TOKYO — Sony reported a net profit of Y27.0 billion ($266 million) in the third quarter of its fiscal 2013, ended Dec. 31, 2013, compared with a loss of Y10.8 billion ($106 million) the same period the previous year.

The company also enjoyed an increase in operating profit of Y43.9 billion ($433 million) year-on- year to Y90.3 billion ($890 million).

But for the fiscal year, which ends March 31, 2014, Sony is forecasting a $1.1 billion loss.

The company also announced that it will slash 5,000 jobs to drain red ink from its still-faltering TV and computer operations. In another restructuring move, the company will hive off televisions into a separate unit, while selling its PC biz to an investment firm.

In October, Sony had predicted a 30 billion yen ($295 million) profit, but the turnaround promised by Sony topper Kazuo Hirai is proving harder than expected.

Sony attributed the recent gains to positive exchange rate fluctuations, as well as to improvements in the performance of its Home Entertainment and Sound segment, which includes its long-ailing television biz, and its Game segment, which has benefitted from the successful launch of the PlayStation 4 console.

In the Pictures segment operating income fell by Y1.1 billion year-on-year to Y24.3 billion ($239 million), with the slide caused by relatively lower B.O., as well as higher costs for new shows for U.S. network TV. Overall, however, segment sales gained 7.1% to Y234 billion ($2.3 billion) due to the weakening of the yen against the dollar.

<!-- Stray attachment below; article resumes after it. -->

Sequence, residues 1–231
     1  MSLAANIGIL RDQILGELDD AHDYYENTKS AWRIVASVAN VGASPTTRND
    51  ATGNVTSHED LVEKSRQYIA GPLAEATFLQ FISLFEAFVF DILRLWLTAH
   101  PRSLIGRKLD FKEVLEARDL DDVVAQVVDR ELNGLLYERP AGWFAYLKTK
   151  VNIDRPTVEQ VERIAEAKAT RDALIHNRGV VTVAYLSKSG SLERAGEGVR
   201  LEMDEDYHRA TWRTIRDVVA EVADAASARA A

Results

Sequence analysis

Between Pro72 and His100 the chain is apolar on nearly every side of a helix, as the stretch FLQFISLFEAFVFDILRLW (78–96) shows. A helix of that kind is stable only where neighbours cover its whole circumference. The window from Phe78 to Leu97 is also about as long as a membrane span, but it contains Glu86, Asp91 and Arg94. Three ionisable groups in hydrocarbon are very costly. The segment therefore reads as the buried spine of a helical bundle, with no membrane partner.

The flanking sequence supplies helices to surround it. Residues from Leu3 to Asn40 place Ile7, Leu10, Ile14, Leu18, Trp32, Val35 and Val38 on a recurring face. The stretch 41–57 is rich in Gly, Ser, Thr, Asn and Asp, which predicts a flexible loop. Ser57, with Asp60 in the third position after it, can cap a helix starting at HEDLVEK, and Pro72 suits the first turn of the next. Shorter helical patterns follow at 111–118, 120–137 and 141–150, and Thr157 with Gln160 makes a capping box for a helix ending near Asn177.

B.O. highlights for the quarter, including “Captain Phillips” and “Cloudy with a Chance of Meatballs 2,” could not match the previous year’s outstanding B.O. performance of “Skyfall” and the home entertainment releases of “The Amazing Spider-Man” and “Men in Black 3.”

One bright spot in Sony’s fiscal third quarter of 2013 was the TV series “Breaking Bad,” which reaped strong SVOD and homevideo revenues.

Sony expects to complete the job cuts by March 2015, while shaving 100 billion yen ($985 million) in fixed costs.

The company has sealed a deal with Japan Industrial Partners, a Tokyo investment firm, to sell off its PC business for an undisclosed sum, with Sony retaining a 5% stake. (Recent rumors had erroneously linked the Vaio computer division to China’s Lenovo.) Sony also plans to split off its television biz into a new company by July.